ASEAN KEY DESTINATIONS
High food prices threaten Asia
Surging food prices in India are forcing families to cut back on meat and vegetables. In Indonesia, they prompted the president to urge people to grow their own chili peppers. And in China, restaurant owners are feeling the squeeze.
Inflation is climbing across Asia as the cost of food jumps, echoing the previous global food crisis that peaked in 2008.
While people in the U.S. and other wealthy Western nations will barely feel the effects of higher prices, getting enough to eat is a big challenge for millions in Asia. Poor families typically spend more than half their household income on food and are bearing the brunt.
On Tuesday, the World Bank said in a report that global food prices have hit "dangerous levels" that could contribute to political instability, push millions of people into poverty and raise the cost of groceries.
The report said global food prices have jumped 29 percent in the past year, and are just 3 percent below the all-time peak hit in 2008.
Bank President Robert Zoellick said the rising prices have hit people hardest in the developing world because they spend as much as half their income on food.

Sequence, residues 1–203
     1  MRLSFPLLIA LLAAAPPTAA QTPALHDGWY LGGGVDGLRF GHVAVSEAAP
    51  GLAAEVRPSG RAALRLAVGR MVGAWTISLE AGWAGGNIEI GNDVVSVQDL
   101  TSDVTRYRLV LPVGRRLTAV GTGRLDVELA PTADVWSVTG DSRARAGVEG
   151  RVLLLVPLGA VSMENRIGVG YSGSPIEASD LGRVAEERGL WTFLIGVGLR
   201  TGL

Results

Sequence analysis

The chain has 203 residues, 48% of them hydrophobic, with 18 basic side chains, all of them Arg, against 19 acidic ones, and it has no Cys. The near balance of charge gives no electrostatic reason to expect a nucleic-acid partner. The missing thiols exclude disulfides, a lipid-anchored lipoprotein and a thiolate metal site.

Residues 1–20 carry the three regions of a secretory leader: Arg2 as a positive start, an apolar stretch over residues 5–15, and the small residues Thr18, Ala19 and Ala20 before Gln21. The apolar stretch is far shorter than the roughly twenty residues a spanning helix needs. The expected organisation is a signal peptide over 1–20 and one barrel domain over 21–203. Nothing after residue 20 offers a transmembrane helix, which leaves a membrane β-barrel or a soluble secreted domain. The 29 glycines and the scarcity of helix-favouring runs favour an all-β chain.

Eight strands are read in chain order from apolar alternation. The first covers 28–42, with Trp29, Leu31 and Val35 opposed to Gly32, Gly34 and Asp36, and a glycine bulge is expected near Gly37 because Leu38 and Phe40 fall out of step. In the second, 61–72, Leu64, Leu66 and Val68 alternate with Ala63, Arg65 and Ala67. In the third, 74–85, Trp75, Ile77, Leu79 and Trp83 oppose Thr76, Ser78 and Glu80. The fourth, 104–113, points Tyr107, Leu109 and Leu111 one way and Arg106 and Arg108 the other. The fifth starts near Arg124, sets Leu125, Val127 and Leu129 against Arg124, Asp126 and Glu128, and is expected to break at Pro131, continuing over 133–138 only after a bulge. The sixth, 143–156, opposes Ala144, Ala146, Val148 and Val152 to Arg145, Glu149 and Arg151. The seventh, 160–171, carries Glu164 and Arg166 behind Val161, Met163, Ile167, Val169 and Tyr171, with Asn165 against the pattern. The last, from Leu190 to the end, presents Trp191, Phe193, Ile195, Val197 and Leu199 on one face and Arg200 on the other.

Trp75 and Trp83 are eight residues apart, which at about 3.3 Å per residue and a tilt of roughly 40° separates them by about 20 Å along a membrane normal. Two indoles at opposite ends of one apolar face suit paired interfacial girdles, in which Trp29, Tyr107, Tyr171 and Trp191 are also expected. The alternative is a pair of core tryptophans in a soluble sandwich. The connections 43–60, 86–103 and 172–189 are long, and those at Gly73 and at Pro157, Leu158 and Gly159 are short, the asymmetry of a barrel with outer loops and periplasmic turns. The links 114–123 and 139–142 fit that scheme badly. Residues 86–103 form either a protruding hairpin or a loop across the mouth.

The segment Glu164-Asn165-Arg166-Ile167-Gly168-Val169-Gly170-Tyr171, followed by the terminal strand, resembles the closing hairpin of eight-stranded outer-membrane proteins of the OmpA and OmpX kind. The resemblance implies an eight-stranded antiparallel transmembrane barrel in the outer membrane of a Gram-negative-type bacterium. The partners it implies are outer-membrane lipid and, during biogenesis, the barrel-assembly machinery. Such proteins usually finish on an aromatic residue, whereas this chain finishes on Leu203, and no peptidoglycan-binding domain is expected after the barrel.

The World Bank estimates higher prices for corn, wheat and oil have pushed 44 million people into extreme poverty since last June.
The report comes a day before finance ministers and central bank chiefs from the Group of 20 leading economies meet in Paris. Zoellick said he's worried some countries might react to food inflation by banning exports or implementing price controls, which would just aggravate the problem.
Wary of potential unrest, Asian governments are trying to keep food price inflation from spilling into the rest of the economy. Officials face a tough dilemma as they raise interest rates to dampen inflation. Too fast and it will choke off economic growth, too slow and the problem could spiral out of control.
The UN Food and Agriculture Organization says food costs have reached an historic high but recent good harvests are staving off the kind of food emergency felt in 2008, when shortages and skyrocketing prices caused riots in poor nations.
Other experts fear that the worst is not over yet. Inflation in Indonesia powered to 7 percent in January and 8.2 percent in India - where the cost of vegetables skyrocketed by almost two thirds - while in China it was near a 28-month high as food costs jumped more than 10 percent.
Analysts say Chinese inflation will head still higher in coming months because the government cannot quickly increase food supplies.
Huge swings in prices are characteristic of the latest bout of food inflation. In Indonesia, the price of chili peppers vaulted as much as 10-fold in recent months due to heavy rainfall that decimated crops.
Economists say higher energy prices also play a role, not only through higher transport and fertilizer costs, but also by encouraging farmers to use more of their land to grow crops for biofuels.
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